If you've purchased an app or game on the Play Store recently and gone to see if you could return it, you may have noticed something a bit odd: you could still do so outside of the alleged 15 minute return window. In fact, that now seems to be the case for many paid apps and games, despite no published changes in the store's refund policies.
To test this seemingly longer window, three members of the AP team all bought apps on the Play Store. All of us had the same experience while monitoring the availability of the "refund" button. Instead of disappearing after 15 minutes, as it has since December 2010 when Google dropped the refund window for the then-Android Market from 24 hours down to its current 15 minutes, the refund window stayed open a solid 2 hours. After two hours, it reliably closed.
We tested this theory using several purchases of apps and games on the Play Store. I documented one a little more painstakingly for the purpose of this post, so you can see how the system is currently working. At 9:50AM PST on July 31st, 2014, I bought The Game Of Life for $0.50 on the Play Store.
16 minutes later, I force closed the Play Store, reopened it, and went to the listing for the game under the "my apps" section of the device store, at which point a refund should no longer have been available.... but it was. I did this again, and again, and again, etc., until nearly two hours had passed. Every time, the refund option still appeared. At 11:48AM, 2 minutes before 2 hours had passed, it was still there.
At 11:51AM, it was gone.
If you head to the Play Store support page for returning paid apps and games, 15 minutes is still shown as the current refund window.
This clearly means Google has not instituted the 2-hour refund as policy yet, and it may never - this could just be a silent test to see if increasing the window dramatically ups the number of refunds, which could hurt developers. The current 15-minute window isn't exactly loved by Android users, of course, especially when it comes to expensive, high-end games, which often require more play time to figure out if the title is a worthwhile investment.
We reached out to Google about this, and this is the response that was provided:
[We] only advertise a 15-minute refund window, that is the guaranteed window for a user, but [we] do extend the window in some cases to account for download times.
The problem with this is that we tested the refund window on apps and games of various sizes, including some under 1MB. The result seemed to be the same, even if the app was run shortly after purchasing it - 2 hours before the refund expired. So, either Google is telling the truth and this 2-hour window is simply being overly cautious / bugged-out, or Google just doesn't want to discuss this and would prefer not to publicize the policy.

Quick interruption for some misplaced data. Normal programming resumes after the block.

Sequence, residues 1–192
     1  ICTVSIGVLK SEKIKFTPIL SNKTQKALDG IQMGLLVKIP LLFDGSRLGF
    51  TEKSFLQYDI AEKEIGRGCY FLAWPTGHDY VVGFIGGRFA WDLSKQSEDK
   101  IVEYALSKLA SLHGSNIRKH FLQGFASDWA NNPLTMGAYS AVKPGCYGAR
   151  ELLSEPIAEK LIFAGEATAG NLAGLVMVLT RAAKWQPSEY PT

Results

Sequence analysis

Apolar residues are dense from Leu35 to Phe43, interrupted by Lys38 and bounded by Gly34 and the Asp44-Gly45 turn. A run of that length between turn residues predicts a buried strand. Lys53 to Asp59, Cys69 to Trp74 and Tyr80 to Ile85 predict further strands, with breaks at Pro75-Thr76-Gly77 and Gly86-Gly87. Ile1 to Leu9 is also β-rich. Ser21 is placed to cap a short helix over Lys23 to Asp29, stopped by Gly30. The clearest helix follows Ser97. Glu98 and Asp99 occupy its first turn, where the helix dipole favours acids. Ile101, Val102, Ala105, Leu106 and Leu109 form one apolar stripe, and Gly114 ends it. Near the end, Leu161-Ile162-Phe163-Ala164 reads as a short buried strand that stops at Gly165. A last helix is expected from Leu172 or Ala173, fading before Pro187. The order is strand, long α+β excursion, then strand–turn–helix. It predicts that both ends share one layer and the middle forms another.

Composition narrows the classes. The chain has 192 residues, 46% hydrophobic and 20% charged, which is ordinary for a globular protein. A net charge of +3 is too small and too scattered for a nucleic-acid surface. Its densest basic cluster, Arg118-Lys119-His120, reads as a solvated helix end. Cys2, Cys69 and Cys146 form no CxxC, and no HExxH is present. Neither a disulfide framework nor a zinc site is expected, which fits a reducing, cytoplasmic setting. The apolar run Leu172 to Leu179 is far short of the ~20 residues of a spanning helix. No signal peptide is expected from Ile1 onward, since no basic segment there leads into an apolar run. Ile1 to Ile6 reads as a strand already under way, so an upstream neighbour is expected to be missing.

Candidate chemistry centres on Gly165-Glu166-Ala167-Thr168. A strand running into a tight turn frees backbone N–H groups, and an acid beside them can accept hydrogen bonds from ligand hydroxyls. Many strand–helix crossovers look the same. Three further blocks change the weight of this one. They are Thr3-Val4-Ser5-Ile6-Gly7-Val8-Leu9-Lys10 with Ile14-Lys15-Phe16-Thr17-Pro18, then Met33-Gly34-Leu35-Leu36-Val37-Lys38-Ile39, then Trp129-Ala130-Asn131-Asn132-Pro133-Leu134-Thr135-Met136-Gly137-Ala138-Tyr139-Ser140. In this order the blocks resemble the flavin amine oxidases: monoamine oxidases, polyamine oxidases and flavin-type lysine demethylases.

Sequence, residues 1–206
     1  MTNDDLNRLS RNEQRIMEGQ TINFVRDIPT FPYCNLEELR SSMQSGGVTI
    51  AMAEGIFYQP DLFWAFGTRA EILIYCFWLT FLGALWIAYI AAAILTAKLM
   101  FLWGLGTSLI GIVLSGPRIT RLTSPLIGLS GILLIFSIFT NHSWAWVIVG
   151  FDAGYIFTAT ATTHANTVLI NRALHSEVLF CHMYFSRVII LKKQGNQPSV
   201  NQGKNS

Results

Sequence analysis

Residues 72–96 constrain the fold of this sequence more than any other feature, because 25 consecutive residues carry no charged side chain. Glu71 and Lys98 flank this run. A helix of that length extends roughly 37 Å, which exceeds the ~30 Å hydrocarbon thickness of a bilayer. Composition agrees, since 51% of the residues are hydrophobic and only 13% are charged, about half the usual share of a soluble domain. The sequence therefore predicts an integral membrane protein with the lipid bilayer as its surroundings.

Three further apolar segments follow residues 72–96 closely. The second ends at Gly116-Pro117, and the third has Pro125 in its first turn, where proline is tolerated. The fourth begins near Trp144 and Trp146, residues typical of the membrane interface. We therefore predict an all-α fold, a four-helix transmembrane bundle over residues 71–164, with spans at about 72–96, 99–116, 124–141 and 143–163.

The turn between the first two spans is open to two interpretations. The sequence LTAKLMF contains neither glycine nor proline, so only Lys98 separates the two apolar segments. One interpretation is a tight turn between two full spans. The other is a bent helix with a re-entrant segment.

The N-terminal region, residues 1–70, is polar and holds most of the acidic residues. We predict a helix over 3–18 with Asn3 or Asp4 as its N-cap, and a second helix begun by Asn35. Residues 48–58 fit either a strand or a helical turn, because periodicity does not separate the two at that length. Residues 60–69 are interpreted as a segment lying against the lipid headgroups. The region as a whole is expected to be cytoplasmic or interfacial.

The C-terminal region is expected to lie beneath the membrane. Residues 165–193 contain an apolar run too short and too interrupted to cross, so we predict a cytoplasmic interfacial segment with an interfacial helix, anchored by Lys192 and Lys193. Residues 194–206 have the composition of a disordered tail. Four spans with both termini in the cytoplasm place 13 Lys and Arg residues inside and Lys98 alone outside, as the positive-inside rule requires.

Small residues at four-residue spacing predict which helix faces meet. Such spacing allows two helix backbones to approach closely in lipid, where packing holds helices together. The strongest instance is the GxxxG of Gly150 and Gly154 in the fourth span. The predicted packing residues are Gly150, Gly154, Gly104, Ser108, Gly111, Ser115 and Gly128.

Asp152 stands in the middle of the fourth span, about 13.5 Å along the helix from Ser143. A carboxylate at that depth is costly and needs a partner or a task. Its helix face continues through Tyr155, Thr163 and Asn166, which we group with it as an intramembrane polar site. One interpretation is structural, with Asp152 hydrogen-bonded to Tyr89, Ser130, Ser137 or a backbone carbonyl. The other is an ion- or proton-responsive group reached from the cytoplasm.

There are other potential explanations, too, which I'll go into below.
What does it mean?
For now, we're left to speculate. This could simply be a wide-scale test - using all of us as Play Store Policy guinea pigs to see if a 2-hour refund window is something worth doing. The more enticing alternative, of course, is that this is imminent, and Google will be officially changing to a 2-hour refund window for apps and games and simply hasn't gotten around to updating the relevant documentation. Given Google's statement, even with its apparent inaccuracies considered, this seems less likely.
Google's no stranger to off-the-books policies on Play Store refunds, either. We're already well-aware Google has implemented automatic refunds for requests made on the Play Store website outside the 15 minute window that basically seem to be available forever, but that's obviously not very well-exposed to the end user. Nor is it documented - Google has flatly refused to comment on the automated refund issue, probably because the moment it became policy it would be abused on a large scale. This also allows them to stop doing it basically any time they want without a backlash from Play Store users - you can't lose what you never officially had, especially if most people never knew they had it at all.
There is also the possibility that the refund window is in some way dynamic - adjusting based on how many returns you generally initiate, or other factors (such as the alleged download time) specific to your Google account or an app's characteristics. If you return many paid apps and games, for example, Google might drop you back to the 15-minute period, and without buying and returning a lot of games and apps, we can't really know if that's the case.
Regardless, we won't know what's really happening until one of two things happens: Google says something definitive on the subject, or Google switches back to the 15-minute refund window.
If you'd like to test this feature out for us (especially outside the US), we'd welcome additional screenshots with timestamps showing the new 2-hour return window. Just be careful: there's no way of knowing exactly how widespread the new 2-hour window is, so if you end up with an app or game you can't refund, you might be stuck with it (though probably not).